White matter alterations in early stages of schizophrenia: a systematic review of diffusion tensor imaging studies

J Neuroimaging. 2014 Mar-Apr;24(2):101-10. doi: 10.1111/j.1552-6569.2012.00779.x. Epub 2013 Jan 14.

Abstract

Several lines of evidence suggest that the normal integration of cerebral communication may be compromised in schizophrenia, with white matter (WM) abnormalities being integral to these functional deficits. Diffusion tensor imaging (DTI) is a neuroimaging technique which has increasingly been used to study WM through quantitative indices of its structural and orientational characteristics. Identifying the WM differences early in the course of schizophrenia may assist in prevention, early diagnosis and identification of treatment targets. In that respect, the aims of the present study were to (a) systematically review WM integrity in the early stages of schizophrenia as inferred by DTI and (b) specifically examine parameters that may affect WM: age, duration of illness and treatment. In summary, DTI studies in early schizophrenia suggest that structural dysconnectivity may be already present in recent-onset and drug-naïve patients, as well as in individuals clinically at high risk for developing schizophrenia. Although the pattern of WM differences is not totally consistent frontal, fronto-temporal and fronto-limbic connections, with tracts including the superior longitudinal fasciculus, cingulum bundle, uncinate fasciculus and corpus callosum seem to be affected. These differences may depend on the developmental stage of the subjects, the duration of illness and exposure to antipsychotic medication.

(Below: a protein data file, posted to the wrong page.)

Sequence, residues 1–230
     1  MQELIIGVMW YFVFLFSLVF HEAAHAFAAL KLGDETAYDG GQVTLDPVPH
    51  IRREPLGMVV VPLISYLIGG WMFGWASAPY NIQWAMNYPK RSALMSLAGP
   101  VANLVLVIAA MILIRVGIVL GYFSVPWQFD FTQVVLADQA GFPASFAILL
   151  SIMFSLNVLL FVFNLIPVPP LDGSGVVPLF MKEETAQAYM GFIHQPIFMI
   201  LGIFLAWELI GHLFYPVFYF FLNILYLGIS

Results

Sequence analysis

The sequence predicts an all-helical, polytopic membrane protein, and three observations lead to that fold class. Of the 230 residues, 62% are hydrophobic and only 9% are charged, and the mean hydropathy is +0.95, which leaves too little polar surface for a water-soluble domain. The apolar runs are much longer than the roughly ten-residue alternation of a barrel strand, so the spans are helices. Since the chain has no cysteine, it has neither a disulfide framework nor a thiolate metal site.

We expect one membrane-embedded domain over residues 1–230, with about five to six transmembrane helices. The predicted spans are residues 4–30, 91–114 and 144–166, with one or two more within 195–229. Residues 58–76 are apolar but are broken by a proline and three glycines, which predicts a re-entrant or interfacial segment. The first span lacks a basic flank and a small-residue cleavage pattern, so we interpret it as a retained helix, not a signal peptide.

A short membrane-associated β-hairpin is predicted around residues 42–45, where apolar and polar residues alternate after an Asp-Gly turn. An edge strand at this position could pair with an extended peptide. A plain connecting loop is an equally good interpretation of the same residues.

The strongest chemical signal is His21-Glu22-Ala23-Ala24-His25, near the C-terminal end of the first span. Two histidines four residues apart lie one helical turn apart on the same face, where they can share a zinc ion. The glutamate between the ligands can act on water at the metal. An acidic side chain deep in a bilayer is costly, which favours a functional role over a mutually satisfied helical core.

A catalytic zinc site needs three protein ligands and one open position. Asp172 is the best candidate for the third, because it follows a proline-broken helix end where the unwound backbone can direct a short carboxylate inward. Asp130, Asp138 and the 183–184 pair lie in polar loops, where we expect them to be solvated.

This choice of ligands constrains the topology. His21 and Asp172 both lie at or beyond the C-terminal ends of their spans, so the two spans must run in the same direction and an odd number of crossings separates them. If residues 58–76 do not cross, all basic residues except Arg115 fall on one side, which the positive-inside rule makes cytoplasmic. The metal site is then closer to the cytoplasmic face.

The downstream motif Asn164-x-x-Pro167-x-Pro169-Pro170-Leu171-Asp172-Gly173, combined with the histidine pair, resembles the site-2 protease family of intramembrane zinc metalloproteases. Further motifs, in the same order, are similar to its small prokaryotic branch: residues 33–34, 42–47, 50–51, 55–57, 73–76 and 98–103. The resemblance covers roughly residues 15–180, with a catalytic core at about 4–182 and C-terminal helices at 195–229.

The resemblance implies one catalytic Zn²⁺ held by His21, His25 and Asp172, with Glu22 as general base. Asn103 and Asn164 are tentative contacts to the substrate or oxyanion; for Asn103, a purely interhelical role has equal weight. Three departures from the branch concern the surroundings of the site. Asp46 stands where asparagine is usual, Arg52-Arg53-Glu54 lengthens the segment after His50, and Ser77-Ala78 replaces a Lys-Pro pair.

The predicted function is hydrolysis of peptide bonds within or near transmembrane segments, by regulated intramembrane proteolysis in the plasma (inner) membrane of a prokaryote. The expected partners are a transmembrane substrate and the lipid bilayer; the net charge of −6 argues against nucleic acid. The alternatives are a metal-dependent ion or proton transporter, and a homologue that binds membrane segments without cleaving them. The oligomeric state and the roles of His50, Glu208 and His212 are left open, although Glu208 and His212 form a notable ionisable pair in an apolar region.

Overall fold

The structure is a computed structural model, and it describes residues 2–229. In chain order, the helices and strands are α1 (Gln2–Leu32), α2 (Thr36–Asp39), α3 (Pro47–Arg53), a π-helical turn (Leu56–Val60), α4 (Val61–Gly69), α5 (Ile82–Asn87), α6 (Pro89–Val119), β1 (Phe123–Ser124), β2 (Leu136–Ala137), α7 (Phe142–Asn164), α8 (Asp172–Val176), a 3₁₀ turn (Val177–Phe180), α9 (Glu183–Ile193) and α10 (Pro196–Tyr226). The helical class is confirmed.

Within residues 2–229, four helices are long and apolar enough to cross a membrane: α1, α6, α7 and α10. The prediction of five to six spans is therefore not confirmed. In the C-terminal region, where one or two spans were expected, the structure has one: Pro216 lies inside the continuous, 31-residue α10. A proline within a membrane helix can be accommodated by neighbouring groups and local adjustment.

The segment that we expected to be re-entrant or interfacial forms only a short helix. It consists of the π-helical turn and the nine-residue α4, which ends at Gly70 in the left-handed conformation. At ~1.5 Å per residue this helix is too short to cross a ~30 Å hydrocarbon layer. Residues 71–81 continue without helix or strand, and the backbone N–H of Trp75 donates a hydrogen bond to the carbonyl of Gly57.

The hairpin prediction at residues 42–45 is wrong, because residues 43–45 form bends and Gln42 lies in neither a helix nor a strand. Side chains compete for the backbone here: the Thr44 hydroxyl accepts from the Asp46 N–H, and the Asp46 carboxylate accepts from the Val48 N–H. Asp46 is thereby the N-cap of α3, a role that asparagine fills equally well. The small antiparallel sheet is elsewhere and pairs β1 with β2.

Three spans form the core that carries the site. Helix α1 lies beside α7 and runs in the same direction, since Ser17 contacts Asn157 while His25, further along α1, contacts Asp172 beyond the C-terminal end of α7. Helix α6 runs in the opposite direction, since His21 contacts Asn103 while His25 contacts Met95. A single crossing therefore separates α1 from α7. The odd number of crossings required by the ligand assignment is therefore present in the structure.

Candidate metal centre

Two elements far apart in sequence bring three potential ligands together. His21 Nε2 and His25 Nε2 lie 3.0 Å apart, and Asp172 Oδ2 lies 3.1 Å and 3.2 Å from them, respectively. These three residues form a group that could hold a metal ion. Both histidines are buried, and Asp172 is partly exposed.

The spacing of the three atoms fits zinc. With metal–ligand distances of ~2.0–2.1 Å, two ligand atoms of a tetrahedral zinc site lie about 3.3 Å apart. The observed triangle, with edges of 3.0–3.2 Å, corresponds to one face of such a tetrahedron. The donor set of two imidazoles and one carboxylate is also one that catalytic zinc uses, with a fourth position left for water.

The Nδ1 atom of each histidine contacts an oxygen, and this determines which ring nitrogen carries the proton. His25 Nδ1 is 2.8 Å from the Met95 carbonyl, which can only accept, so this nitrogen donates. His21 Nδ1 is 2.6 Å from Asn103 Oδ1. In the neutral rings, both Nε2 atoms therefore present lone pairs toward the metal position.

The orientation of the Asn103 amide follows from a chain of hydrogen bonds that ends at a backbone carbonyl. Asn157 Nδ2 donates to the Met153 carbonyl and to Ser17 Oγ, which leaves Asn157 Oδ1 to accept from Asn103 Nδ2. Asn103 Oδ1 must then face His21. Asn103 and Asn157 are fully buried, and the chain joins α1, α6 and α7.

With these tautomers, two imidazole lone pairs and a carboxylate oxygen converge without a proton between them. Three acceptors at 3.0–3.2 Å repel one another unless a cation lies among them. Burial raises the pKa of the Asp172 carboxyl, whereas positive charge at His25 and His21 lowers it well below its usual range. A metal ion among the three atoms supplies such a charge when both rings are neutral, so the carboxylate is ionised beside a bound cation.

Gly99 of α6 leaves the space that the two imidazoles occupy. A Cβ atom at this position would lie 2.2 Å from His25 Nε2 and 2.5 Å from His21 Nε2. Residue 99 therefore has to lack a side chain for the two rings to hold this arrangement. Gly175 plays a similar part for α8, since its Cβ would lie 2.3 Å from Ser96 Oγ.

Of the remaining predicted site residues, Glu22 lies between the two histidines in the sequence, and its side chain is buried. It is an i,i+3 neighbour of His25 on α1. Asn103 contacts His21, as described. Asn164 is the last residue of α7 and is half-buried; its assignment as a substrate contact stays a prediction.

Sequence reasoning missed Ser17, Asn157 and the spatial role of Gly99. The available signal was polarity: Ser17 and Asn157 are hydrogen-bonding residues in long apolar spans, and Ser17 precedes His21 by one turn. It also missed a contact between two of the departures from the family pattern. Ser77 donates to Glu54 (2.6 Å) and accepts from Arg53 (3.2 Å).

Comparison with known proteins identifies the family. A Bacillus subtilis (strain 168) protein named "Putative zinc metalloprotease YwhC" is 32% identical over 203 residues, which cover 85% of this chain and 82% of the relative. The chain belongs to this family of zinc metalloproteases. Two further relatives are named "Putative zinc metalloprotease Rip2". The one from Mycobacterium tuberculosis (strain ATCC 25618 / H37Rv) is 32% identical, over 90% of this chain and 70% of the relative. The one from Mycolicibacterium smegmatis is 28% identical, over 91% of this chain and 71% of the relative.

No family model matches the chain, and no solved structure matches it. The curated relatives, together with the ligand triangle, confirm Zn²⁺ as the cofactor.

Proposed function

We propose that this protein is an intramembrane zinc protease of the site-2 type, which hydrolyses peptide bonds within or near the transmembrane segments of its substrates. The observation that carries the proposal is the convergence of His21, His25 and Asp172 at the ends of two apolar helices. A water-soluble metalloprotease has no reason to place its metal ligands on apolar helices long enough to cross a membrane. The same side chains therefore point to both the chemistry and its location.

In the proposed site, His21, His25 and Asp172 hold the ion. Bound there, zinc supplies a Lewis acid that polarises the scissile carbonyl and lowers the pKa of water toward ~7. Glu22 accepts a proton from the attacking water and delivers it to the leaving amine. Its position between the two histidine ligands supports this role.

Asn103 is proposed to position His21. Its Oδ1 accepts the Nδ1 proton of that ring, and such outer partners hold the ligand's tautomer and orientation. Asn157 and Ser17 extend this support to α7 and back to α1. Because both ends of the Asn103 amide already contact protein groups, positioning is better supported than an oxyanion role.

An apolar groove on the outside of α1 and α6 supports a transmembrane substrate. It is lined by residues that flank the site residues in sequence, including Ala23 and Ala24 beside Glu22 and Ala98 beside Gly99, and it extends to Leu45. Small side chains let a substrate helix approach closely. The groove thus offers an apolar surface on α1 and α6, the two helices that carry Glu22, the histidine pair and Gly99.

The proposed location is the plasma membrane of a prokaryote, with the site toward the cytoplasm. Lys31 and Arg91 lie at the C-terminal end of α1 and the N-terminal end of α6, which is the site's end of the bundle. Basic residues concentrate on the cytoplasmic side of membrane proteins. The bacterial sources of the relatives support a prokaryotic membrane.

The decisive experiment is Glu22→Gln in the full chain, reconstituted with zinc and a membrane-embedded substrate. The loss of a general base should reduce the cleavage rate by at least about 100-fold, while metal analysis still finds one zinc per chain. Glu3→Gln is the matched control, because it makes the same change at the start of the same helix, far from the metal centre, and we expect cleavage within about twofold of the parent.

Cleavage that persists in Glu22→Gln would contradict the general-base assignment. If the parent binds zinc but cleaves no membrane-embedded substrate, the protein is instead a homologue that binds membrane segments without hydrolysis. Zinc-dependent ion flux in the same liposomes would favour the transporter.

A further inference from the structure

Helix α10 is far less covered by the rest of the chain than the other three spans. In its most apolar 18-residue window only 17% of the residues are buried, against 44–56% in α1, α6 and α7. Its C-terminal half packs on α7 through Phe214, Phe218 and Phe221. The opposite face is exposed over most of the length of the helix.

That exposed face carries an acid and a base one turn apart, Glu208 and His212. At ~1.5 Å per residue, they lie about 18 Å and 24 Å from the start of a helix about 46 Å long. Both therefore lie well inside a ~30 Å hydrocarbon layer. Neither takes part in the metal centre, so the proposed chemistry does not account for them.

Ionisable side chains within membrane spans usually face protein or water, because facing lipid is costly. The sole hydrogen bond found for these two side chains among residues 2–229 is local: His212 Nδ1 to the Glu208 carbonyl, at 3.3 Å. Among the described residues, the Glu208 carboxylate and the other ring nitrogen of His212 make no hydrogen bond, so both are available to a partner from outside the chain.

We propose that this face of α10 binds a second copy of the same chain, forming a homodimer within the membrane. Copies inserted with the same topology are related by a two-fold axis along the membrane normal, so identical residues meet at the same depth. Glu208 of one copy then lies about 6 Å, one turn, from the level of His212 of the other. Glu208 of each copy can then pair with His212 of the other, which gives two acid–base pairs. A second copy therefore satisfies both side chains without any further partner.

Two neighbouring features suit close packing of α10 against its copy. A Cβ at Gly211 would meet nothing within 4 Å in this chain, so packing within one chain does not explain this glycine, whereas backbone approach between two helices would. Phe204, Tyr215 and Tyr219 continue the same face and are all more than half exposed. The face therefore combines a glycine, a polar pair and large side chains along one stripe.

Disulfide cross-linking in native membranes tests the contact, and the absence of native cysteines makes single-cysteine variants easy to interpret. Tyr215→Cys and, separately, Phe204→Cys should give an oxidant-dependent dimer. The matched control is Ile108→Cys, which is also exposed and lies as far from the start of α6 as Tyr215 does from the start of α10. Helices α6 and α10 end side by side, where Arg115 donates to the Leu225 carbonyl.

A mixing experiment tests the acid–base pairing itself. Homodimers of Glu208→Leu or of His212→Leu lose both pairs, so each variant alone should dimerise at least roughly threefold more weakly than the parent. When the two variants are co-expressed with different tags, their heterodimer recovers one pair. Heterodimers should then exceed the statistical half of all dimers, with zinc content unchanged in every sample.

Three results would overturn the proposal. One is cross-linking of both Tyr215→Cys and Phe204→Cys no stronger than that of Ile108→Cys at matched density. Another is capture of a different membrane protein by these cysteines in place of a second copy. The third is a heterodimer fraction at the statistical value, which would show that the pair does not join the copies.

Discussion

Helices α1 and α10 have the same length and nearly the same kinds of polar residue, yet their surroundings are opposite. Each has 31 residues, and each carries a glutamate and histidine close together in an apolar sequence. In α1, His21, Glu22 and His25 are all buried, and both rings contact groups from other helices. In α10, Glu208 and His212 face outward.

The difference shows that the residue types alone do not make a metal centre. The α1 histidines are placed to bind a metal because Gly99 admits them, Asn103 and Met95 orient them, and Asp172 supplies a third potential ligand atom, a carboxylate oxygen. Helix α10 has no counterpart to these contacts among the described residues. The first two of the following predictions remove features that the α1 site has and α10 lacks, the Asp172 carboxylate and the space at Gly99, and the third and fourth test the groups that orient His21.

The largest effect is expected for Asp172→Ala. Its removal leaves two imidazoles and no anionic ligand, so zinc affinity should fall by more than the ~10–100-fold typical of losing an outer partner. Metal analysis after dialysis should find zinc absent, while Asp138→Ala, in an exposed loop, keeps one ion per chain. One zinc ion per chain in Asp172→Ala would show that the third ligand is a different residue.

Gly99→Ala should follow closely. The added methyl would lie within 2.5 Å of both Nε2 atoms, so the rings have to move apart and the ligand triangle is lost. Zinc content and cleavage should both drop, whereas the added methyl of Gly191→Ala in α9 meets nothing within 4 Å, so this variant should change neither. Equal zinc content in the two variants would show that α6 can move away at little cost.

Keywords: Neurodevelopment; diffusion tensor imaging; dysconnectivity; high-risk psychosis; schizophrenia; white matter.

Publication types

  • Research Support, Non-U.S. Gov't
  • Review
  • Systematic Review

MeSH terms

  • Brain / pathology*
  • Diffusion Tensor Imaging / methods*
  • Female
  • Humans
  • Nerve Fibers, Myelinated / pathology*
  • Schizophrenia / pathology*
  • White Matter / pathology*